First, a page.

What are you doing? Why didn’t you read the comments?

I asked. He responded,

Shit, why should I read it? They didn’t like me. They don’t think I’m a researcher.

It’s more than just not taking things personally, though. It’s also a matter of not making everything about how other people are not acting as YOU think they should behave.

3. Don’t make it about YOU when it’s not

Your adult children aren’t raising their kids the way you think they should? The neighbors don’t maintain their yard the way you think it should be ?

Not my circus, not my monkeys.

4. Look out instead of in

A few months ago, we had a really fascinating guest on the More Than Ordinary podcast, Jonathan Shaw. He’d just finished writing his autobiography, Scab Vendor, and he encouraged me to go away for a month and write my own autobiography. Jonathan’s book was interesting and his idea was intriguing. I randomly happened to be in an area known as a writer’s retreat in Lopinot, Trinidad and I tried for a bit. I have had a long strange trip around the world and back again, that’s for sure.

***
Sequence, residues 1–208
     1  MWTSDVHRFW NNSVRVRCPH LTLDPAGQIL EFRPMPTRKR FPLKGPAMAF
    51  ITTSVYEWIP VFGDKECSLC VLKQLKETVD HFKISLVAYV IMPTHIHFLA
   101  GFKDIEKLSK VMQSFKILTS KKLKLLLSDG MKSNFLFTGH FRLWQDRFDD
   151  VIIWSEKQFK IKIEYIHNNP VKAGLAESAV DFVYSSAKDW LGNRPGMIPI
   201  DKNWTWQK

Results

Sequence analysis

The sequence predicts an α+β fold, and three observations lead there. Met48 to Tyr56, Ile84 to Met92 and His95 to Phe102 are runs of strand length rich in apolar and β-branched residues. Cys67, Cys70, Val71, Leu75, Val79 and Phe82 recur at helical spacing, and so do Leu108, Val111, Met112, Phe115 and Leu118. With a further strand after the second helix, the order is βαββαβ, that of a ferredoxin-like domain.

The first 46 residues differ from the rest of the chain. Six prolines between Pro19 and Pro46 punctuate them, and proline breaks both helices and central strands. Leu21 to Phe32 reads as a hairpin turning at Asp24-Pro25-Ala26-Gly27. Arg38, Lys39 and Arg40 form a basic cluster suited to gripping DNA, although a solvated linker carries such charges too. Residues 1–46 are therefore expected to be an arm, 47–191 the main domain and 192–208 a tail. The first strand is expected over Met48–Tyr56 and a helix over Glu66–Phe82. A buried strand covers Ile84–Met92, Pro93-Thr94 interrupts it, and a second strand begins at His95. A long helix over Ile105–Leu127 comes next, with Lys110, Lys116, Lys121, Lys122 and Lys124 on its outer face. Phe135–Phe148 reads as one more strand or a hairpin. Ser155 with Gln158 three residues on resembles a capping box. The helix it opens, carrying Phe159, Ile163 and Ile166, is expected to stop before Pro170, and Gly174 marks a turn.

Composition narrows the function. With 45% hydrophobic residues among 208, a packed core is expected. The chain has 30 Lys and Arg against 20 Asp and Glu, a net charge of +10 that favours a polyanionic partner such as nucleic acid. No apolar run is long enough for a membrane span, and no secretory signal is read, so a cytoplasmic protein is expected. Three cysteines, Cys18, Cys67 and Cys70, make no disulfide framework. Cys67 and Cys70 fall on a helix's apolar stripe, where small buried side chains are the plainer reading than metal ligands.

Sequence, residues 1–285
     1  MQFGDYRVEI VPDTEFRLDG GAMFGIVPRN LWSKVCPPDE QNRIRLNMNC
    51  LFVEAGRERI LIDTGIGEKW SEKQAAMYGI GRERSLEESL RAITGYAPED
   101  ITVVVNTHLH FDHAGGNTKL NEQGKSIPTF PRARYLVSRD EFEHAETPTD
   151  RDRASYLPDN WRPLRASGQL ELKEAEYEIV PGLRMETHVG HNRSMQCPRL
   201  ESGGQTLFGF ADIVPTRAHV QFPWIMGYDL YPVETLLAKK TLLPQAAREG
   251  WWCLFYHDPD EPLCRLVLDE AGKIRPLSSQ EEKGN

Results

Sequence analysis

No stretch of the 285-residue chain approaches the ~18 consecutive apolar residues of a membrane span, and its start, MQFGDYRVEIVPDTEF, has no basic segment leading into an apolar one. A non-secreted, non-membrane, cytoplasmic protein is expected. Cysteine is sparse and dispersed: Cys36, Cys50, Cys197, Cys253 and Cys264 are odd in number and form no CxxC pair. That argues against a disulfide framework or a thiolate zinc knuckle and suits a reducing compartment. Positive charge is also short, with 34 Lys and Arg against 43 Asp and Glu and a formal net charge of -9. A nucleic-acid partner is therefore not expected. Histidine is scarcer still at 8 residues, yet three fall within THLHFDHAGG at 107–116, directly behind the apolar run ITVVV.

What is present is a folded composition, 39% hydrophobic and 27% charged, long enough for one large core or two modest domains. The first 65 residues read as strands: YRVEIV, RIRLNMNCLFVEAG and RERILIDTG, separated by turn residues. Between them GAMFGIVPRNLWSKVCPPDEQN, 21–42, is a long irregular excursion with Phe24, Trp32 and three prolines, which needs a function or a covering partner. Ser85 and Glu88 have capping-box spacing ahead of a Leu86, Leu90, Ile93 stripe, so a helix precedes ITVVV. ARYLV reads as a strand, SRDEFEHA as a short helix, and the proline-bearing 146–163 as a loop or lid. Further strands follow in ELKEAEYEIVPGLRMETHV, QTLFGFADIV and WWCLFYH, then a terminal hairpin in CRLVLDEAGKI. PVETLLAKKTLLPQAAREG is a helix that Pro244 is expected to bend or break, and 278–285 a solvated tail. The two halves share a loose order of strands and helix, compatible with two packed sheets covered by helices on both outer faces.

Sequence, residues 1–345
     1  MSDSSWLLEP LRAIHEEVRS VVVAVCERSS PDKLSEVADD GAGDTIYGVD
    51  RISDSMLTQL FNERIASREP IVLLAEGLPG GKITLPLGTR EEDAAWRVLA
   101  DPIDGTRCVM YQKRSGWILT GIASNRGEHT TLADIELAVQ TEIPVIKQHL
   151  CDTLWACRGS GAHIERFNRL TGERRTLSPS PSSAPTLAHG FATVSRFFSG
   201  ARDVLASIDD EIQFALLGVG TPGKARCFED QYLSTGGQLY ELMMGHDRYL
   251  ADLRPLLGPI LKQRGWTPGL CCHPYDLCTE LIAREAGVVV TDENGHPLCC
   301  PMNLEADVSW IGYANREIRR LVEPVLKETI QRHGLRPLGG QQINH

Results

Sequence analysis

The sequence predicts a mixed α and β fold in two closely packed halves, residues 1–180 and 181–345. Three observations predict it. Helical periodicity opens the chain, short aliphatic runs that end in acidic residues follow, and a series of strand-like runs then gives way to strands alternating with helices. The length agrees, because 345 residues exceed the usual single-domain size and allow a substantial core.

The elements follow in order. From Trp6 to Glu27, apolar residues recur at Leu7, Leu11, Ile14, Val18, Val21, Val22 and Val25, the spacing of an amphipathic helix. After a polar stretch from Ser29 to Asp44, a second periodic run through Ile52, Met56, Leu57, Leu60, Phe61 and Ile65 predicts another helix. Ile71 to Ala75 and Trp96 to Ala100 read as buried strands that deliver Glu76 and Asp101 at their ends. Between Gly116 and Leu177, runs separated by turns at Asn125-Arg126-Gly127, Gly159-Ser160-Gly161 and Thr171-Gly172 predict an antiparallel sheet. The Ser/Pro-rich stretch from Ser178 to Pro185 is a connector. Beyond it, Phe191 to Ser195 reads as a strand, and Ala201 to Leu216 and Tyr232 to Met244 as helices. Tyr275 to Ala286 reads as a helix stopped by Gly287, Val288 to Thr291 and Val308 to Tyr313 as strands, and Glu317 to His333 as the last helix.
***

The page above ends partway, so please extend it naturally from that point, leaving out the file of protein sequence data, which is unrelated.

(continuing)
I just don’t get excited about the idea of looking back through all of the things that happened in my life. Jonathan said,

You’ll grow from the experience, but it will probably hurt – and I only saw ‘probably’ to be nice.

Maybe if I went back and hung out in the mountains I would find myself.

Lopinot

Instead, I went back to making games, looking forward instead of back. Feel free to buy some. They are fun and you’ll learn. Kind of like life should be.

screen shots from our games

Apr

18

me dressed up for the renaissance faireThe most useful function Facebook has served for me is as a time machine. That is, students, friends and acquaintances I had not seen in 20, 30 or 40 years, who are in my memory as small children or teenagers all of a sudden reappear in my life as young adults with spouses and children, or old, retired people.